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Aspartame safe for use in food

The European Food Safety Authority (EFSA) announced on Dec. 10 that it had completed a full risk assessment on aspartame, a controversial artificial sweetener. The EFSA Panel on Food Additives and Nutrient Sources Added to Food found that:

Infographic with facts about the artificial sweetener aspartame

Overall, the Panel concluded from the present assessment of aspartame that there were no safety concerns at the current ADI of 40 mg/kg bw/day. Therefore, there was no reason to revise the ADI for aspartame.

Since it was introduced in 1965, aspartame has been the subject of over 200 scientific studies. Persistent claims that the sweetener can cause illness, cancer, autism or birth defects have continued despite the evidence. In 2007, a paper examined the scientific literature on the relationship between aspartame and cancer. The authors found "provide no evidence to support an association between aspartame and cancer in any tissue."

Aspartame is described by the American Cancer Society:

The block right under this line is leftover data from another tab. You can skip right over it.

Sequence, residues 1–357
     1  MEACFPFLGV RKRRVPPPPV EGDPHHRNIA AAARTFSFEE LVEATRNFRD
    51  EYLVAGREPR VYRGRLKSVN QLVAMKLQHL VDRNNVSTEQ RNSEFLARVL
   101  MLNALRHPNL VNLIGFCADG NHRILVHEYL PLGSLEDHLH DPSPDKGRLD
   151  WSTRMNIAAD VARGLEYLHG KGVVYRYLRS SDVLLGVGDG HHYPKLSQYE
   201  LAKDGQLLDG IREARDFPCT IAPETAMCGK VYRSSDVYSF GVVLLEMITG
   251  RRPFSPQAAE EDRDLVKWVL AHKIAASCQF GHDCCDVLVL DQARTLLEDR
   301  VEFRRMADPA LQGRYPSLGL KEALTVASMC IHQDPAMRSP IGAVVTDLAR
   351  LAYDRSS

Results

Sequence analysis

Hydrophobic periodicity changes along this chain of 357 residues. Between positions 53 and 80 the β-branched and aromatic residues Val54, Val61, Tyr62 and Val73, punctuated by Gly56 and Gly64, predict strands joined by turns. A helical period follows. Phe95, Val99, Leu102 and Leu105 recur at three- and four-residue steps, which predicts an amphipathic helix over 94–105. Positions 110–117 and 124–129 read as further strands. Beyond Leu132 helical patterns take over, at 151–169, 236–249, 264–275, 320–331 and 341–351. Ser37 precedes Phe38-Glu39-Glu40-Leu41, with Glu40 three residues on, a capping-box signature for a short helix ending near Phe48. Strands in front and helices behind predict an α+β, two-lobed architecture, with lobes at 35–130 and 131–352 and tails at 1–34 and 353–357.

Aspartame is one of the most common artificial sweeteners in use today. It is sold under the brand names NutraSweet® and Equal®. Aspartame is composed mainly of 2 amino acids, aspartic acid and phenylalanine. Amino acids are the building blocks of proteins and are found naturally in many foods.

The Society agrees that, based on current use, there is no evidence of a relationship between the sweetener and cancer.

Aspartame does pose a risk to individuals with a rare inherited condition called phenylketonuria (PKU). Patients with this condition cannot metabolize the amino acid phenylalanine. The build up of that amino acid in the body can cause harm to the central nervous system and brain damage. The amino acid is found in foods such as milk and eggs, and is one of the two amino acids in aspartame. Products containing aspartame are required to have a warning on the label for persons with PKU.

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